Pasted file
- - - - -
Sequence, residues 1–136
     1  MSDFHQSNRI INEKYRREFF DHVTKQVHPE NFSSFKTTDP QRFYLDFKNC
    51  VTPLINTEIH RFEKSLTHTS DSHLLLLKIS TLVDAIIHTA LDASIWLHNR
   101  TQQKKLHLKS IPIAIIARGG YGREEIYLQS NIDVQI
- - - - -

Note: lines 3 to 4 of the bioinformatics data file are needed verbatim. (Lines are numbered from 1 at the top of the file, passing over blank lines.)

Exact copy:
    51  VTPLINTEIH RFEKSLTHTS DSHLLLLKIS TLVDAIIHTA LDASIWLHNR
   101  TQQKKLHLKS IPIAIIARGG YGREEIYLQS NIDVQI